Is This the End of the Current Financial Markets?

Should markets be restructured to outlaw derivatives and bring back the Glass-Steagall Act?
By James Gorrie
James Gorrie
James Gorrie
James R. Gorrie is the author of “The China Crisis” (Wiley, 2013) and writes on his blog, He is based in Southern California.
March 20, 2020Updated: March 23, 2020


Is the CCP virus to blame for the financial markets’ crash?

Yes, it is … and no, it’s not.

A Catalyst, Not a Cause

We can certainly say that the growing pandemic has triggered what looks like the death throes of financial markets around the world. Whether it’s the end of markets as we know them or not, it’s frightening to behold. The swift, steep decline across all asset classes isn’t only staggering in its impact but is dreadful in what it may portend.

And yes, the Wuhan-originated pandemic has led to the shutting down of virtually all of the world’s economies. That, too, is inflicting damage and is adding tremendous downward pressure to the markets. In that sense, the CCP virus, commonly known as the novel coronavirus, could be making the market crash worse than it might otherwise be.

Or it may not really matter.

Either way, the outbreak of the coronavirus itself didn’t cause the stock market to become as exceptionally overvalued as it was. Nor was the outbreak a factor in making the financial system as unstable as it truly was prior to the crash.

The pandemic was just the catalyst for the collapse, not the primary cause. To say otherwise is like saying that the last snowflake to land on a mountainside covered in 20 feet of freshly fallen, highly unstable snow, caused the ensuing avalanche. Of course, one small snowflake didn’t cause an avalanche, it was just the straw that broke the camel’s back, to mix metaphors.

Similarly, the markets were incredibly unstable well before the pandemic hit. The financial system was already in a highly leveraged and completely unsustainable position. The Dow rose about 10,000 points in the past three years alone. The cyclically adjusted price-to-earnings (CAPE) ratio in 2018 was similar to what it was just before the 1929 crash.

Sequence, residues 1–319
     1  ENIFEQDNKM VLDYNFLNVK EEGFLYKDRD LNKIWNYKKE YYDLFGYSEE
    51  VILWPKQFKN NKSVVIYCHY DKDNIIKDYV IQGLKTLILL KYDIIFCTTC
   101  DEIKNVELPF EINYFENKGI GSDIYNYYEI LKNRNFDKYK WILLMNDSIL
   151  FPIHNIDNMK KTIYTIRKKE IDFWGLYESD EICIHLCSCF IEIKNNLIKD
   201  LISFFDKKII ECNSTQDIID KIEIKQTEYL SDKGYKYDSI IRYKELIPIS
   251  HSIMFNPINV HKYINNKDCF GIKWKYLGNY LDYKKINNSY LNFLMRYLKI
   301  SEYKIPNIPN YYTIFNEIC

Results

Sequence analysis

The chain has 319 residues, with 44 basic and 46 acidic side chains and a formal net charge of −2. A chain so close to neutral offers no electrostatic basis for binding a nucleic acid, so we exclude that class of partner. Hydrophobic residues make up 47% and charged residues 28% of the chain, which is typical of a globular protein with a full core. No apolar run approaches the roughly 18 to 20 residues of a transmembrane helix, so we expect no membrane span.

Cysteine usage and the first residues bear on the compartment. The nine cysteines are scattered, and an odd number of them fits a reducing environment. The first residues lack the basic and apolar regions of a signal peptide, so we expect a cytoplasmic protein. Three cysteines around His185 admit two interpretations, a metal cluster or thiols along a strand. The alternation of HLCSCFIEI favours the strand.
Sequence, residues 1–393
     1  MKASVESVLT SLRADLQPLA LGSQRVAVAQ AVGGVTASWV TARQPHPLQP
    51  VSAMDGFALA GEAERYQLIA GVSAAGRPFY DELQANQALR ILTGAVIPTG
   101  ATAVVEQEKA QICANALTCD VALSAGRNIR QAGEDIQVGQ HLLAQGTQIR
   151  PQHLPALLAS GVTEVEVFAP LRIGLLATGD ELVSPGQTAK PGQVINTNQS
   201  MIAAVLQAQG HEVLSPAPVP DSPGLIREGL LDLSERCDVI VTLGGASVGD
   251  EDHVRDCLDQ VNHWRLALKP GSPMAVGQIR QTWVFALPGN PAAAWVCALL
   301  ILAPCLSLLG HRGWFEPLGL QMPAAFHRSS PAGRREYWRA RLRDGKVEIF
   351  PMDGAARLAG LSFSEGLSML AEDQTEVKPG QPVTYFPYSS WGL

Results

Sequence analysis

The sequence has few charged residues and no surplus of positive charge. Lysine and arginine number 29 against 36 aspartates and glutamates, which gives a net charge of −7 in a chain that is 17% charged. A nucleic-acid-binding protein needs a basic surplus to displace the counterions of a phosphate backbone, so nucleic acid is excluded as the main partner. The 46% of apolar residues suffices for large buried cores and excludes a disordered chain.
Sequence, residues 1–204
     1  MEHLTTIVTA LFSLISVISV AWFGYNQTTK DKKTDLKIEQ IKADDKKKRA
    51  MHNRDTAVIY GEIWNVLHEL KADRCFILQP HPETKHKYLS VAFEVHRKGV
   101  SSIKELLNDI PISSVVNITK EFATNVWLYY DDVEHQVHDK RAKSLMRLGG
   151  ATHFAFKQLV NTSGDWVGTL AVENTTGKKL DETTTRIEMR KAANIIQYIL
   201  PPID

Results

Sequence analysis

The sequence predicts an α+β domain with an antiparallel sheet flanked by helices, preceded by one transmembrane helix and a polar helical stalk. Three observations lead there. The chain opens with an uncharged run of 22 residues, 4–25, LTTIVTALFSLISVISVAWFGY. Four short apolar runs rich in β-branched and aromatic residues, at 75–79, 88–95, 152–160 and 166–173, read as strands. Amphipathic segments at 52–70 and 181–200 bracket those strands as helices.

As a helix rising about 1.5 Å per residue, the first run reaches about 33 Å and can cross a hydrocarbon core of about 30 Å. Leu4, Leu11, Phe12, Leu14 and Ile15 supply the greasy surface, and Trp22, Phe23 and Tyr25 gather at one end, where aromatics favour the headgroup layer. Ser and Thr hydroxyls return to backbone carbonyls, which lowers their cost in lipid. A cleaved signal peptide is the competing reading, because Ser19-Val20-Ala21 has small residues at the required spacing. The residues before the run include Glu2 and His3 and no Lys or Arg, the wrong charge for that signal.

There are many reasons for both of these conditions, of course. The pandemic is much more than a snowflake, but it could have been many different events happening in the world today, from the mass migration of Syrians into Europe to the oil crisis or others.

But for our discussion, the past few and current crises in the markets over the past few decades—2000–2001, 2008–2009, and 2020–202?—have at least some of their causes in two specific developments directly related to the structural changes that were deliberately made to our financial system.

One was the explosion of derivatives, and the other was the repeal of the Glass-Steagall Act.

Detaching Value from Money

Derivatives are a recent development in finance, first appearing in the early 1990s, and are rather esoteric financial instruments. Briefly, a derivative is an instrument or contract involving two or more parties, the value of which is based on an agreed-upon underlying financial asset such as bonds, commodities, currencies, and stocks, among other securities.

Without going too deep into the weeds here, derivatives are highly leveraged instruments, and very distant from the actual, real value of the base asset itself. In language terms, they’re humongous bets that global financial houses make against a market or index or industry “values” and are often fueled by loose monetary policies.